Displaying 1-20 of 59 links
Less than one-tenth of all population-based research into dementia has been directed towards the two-thirds or more of all people with dementia who live in developing parts of the world — thus, the name "10/66".
Part of the Alzheimer's Disease International Network, 10/66 is a group of researchers who encourage active collaboration between research groups in different developing countries and between developed and developing countries. The research projects have included pilot studies to establish a method for diagnosing dementia in populations with very little formal education; qualitative studies to understand the experience of people with dementia and their carers; intervention studies that investigate whether local community health workers can contribute to care by identifying people who need help; and population-based studies to quantify prevalence and incidence in developing countries.
The 10/66 Group is part of Alzheimer's Disease International and is coordinated through Prof. Martin Prince from the Institute of Psychiatry, King's College, London.
The AMMA programme aims to study how the West African monsoon affects meningitis and malaria epidemics. While it focuses on one weather system, the climate factors it looks at can be generalised to other environments. For example, it examines how wind, dust, rainfall, temperature and humidity, amongst others, affect mosquito density and malaria or meningitis epidemics in people. The website also offers a key resource for researchers in the form of an open-access bibliographic database containing more than 250 scientific articles.
The Beijing Genomics Institute is the largest non-profit genomics research institute in China. Founded in July 1999 by a group of overseas Chinese scientists, BGI has been growing rapidly with the support from the Chinese Academy of Sciences. China was the only developing country member of the International Human Genome Project Consortium, and BGI played a leading role in the sequencing of chromosome 3. [Click here for Chinese version.]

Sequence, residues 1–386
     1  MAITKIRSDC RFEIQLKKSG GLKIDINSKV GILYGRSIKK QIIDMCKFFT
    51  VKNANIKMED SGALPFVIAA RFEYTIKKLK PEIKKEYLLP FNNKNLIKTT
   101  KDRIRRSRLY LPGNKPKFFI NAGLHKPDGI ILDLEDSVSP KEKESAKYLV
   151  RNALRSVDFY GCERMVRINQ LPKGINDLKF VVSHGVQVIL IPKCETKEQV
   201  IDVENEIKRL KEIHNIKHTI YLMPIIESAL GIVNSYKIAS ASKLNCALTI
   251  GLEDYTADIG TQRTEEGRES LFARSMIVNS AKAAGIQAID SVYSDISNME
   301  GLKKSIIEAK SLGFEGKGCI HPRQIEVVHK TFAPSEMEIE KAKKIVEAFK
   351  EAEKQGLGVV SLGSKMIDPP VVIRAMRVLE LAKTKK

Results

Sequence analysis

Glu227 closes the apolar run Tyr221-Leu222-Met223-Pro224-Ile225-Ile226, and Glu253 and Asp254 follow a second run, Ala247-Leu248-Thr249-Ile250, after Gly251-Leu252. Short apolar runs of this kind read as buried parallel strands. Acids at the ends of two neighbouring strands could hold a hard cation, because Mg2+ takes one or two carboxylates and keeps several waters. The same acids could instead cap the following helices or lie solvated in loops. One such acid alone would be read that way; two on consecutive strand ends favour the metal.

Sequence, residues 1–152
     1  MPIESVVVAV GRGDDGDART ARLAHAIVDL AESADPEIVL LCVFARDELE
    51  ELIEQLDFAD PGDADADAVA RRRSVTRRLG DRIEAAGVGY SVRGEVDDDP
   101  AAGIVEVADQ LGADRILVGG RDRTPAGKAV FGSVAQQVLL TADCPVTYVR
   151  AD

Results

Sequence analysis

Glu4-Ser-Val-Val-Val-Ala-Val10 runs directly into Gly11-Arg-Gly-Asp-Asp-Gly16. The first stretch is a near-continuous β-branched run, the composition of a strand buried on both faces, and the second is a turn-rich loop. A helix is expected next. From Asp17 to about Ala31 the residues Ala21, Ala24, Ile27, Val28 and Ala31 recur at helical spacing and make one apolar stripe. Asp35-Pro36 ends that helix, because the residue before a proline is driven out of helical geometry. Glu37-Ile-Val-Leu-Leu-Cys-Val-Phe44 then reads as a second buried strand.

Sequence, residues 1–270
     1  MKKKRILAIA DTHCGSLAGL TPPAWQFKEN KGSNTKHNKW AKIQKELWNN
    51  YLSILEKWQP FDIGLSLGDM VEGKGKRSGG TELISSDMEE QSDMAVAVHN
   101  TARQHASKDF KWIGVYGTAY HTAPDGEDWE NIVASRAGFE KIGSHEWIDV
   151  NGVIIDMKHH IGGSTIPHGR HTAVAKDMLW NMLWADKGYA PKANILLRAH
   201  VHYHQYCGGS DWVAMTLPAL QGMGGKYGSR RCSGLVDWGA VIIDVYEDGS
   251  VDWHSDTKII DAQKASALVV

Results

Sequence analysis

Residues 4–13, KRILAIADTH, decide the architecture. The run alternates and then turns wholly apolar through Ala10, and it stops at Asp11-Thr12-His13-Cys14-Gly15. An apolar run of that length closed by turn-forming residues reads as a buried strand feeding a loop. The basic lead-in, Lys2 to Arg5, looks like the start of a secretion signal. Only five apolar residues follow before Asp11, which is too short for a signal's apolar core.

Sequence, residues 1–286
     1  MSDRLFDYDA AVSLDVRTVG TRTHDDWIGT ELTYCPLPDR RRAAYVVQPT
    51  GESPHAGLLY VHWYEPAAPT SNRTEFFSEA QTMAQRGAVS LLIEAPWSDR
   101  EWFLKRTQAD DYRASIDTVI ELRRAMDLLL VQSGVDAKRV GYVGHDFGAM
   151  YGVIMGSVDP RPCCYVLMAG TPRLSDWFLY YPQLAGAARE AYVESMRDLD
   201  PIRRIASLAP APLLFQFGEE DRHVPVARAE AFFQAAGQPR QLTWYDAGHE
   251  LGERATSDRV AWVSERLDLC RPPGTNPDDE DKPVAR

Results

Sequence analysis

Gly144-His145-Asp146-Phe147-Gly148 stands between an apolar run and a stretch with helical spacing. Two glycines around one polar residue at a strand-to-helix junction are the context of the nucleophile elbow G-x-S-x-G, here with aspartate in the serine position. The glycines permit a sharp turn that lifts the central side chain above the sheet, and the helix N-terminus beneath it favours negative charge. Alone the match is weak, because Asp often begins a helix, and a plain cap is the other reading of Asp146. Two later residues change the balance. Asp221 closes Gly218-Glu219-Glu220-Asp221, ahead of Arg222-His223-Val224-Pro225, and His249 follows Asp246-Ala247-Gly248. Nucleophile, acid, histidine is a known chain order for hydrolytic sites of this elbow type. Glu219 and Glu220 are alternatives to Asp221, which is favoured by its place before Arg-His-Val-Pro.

This website publishes information from the Center for Disease Dynamics, Economics & Policy (CDDEP), which aims to use research to improve decision-making on global, regional and country-specific health problems. Research areas include antibiotic resistance, malaria and environmental health. The website provides free access to data, tools and statistics on its specific research areas; it also publishes information about specific projects publications, events as well as a blog which is regularly updated with health policy news.
CHIEX investigates how climate variability affects human health in the tropical Americas. It runs projects in Brazil, Colombia, Cuba, Jamaica, Mexico and Venezuela, and focuses specifically on the spread of dengue fever and malaria in these countries. These projects have practical implications; for example, a study in Cuba led to the development of a "bioclimatological" monitoring system that uses climatic predictions to prevent and control disease.
The Consultative Group on International Agricultural Research is an association of public and private members supporting a system of 16 Future Harvest centres that work in more than 100 countries to mobilise cutting-edge science to reduce hunger and poverty, improve human nutrition and health, and protect the environment. As well as taking a keen interest in agricultural biotechnology, much of CGIAR's research has direct relevance to biodiversity. CGIAR also coordinates a global network of genebanks that aims to keep the bulk of the world's plant genetic resources in the public domain.
Drugs for Neglected Diseases initiative is an independent non-profit collaboration between organisations including the Ministry of Health of Malaysia, and Médecins sans Frontières that focuses on developing drugs for neglected diseases, such as leishmaniasis.
DNDi harnesses existing research and development capacity to develop these drugs, and ensures they are accessible to the developing world.
There are extensive links to articles, publications and conference reports, many available for downloading, and a petition to support DNDi in its call to governments around the world to do more for neglected diseases.
The Center for Genome Ethics, Law, & Policy - part of Duke University's Institute for Genome Sciences and Policy - was created to foster ethically responsible and socially beneficial uses of genome science, while addressing the complex ethical, legal, social and policy impacts of the genome revolution.
This not-for-profit organisation works with the private and public sectors to develop and implement quality yet affordable diagnostic technologies for diseases prevalent in developing countries, including tuberculosis, malaria and sleeping sickness. It also aims to strengthen laboratories and scale up projects to improve new tool uptake in endemic regions. The website provides information about the organisation's programmes and partners, news and a resource centre with free access to documents such as reports and scientific articles.
The London School of Hygiene and Tropical Medicine's Gates Malaria Partnership is a collaboration between research centres in the UK, Denmark and those in n Africa, where malaria is widespread. It seeks to improve malaria control in these regions through improved training, promoting research in malaria-endemic countries, and ensuring the ability to translate knowledge into practice and treatment.
The website describes the priority areas of the partnership, including epidemic prediction and response, and household and community level interactions.